Another cousin sent me this ESPN article about last week’s Mexico-USA soccer game at Estadio Azteca in Mexico City. Bill Simmons made me happy that I had secretly rooted for Mexico during the game even though the native fans chucked cups of urine at all our players for two hours.

Other links I have enjoyed lately include this one, featuring bathing suits for boners (NSFW), and this one about my imaginary friends on TV.

It feels good to be back in my apartment again where all of New York is at my fingertips. It’s a little known fact that the real New York resides in my laptop on sites like this, this, and this.  But don’t tell the tourists or they will start knocking on my door and I will be forced to throw pee on them.

The new, gregarious me

It has recently come to my attention that I am no longer shy. I say this because in the past week I have made friends with a cable guy from Algeria, a chocolate shop owner from Iran, a grad student in business at Vanderbilt, a couple chefs, a painter from Croatia, a West Side boy in suspenders, and two older Jewish men who deal in reliquaries. I am not saying that I am wildly popular with these people, but I have definitely accosted them on street corners or at bars and struck up conversations from which they had difficulty extracting themselves due to my infinite charm and vigor. Sometimes I think they’re hesitant to let me wander off alone again because I’m so obviously unfit for city life, like a unicorn that has only known wild mountain pastures, but other times I imagine they’re saying to themselves, “How refreshing this young lady is with her flawless manners and Southern amiability!” The point is lately I’ve had no problem flinging myself at people and asking for their life stories like I’m a vacuum saleswoman or Miss USA, so I must conclude that I’m no longer shy. Or maybe I never was! And this makes me question all the other beliefs I hold about myself. Maybe I don’t have a love/hate relationship with alcohol! Maybe no one’s listening to my thoughts and judging me for them! Maybe ethereal mountain unicorns can also be street savvy! Maybe I won’t fail out of school! Maybe models are all ugly on the inside! Maybe James Franco really will come to my birthday pary, even though his manager already RSVP’d no. Maybe I can only sustain my gregariousness for one week, and then I will go back to being shunned and humbled by humanity! Anyway I don’t want to lose sight of where I have my real interactions with people, here on this blog, where I never have to stop talking so I can listen to someone talk so I can start talking again.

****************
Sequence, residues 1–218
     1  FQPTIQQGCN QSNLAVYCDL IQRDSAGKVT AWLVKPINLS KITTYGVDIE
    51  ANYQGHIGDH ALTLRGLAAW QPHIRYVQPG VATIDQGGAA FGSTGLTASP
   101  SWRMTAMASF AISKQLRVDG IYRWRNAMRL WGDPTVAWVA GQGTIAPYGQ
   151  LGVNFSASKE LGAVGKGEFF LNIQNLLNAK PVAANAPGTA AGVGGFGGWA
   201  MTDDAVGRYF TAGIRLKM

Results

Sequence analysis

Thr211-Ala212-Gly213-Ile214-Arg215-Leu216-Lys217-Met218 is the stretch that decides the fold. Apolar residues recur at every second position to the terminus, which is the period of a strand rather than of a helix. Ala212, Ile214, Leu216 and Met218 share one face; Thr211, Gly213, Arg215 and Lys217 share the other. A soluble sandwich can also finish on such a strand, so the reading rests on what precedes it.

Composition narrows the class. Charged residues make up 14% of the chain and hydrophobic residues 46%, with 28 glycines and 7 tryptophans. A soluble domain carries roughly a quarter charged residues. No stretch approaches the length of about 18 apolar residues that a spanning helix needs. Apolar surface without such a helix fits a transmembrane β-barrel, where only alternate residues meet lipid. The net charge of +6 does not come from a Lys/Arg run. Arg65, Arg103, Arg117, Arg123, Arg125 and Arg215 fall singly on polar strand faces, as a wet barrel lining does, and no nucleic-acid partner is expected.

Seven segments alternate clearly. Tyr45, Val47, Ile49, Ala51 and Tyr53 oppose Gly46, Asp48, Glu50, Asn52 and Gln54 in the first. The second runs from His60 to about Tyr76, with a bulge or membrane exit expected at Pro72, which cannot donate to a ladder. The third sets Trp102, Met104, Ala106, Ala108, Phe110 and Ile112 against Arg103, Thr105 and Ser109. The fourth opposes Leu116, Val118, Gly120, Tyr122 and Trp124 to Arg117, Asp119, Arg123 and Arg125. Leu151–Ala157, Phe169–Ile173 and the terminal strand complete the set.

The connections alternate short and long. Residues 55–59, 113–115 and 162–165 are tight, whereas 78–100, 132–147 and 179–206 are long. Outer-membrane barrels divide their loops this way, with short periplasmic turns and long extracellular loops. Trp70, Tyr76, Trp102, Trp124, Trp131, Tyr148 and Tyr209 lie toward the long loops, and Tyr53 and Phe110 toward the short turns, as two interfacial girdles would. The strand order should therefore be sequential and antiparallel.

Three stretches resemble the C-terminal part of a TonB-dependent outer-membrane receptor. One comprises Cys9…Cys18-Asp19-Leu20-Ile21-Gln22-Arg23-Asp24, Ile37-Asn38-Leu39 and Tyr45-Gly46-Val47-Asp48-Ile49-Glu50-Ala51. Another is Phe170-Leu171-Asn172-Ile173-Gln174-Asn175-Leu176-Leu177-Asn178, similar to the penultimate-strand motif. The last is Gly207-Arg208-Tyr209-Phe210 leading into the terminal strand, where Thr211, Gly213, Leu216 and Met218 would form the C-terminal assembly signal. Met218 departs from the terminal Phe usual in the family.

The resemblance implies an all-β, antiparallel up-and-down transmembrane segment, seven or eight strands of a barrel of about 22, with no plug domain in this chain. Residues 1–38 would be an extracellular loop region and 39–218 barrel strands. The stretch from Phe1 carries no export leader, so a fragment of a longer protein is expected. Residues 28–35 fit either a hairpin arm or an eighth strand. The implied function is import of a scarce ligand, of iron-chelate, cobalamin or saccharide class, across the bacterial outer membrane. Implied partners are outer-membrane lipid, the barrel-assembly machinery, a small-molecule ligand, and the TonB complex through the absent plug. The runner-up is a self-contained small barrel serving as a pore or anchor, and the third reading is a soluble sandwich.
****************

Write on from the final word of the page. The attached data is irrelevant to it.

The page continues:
Uphill NYC

She enters the city going the wrong way down a one-way street. Rush hour in the rain, driving past the Empire State Building in a 14-foot U-Haul, herds of black umbrellas bobbing across the road. Nature seems upside down. The real world is overhead where the buildings crest. She walks a trench at the bottom of a concrete ocean. In New York City human beings seem to navigate ditches. She feels the ground somewhere above her; she’ll have to take an elevator to find it. The scale of herself is completely off. When had she shrunk to the size of a bug? She’ll never look at bugs the same way again. She’ll stop grinding them into a paste and spreading them on toast. When had the range of skyscrapers replaced the Blue Ridge Mountains? What if Donald Trump got attacked by a bear?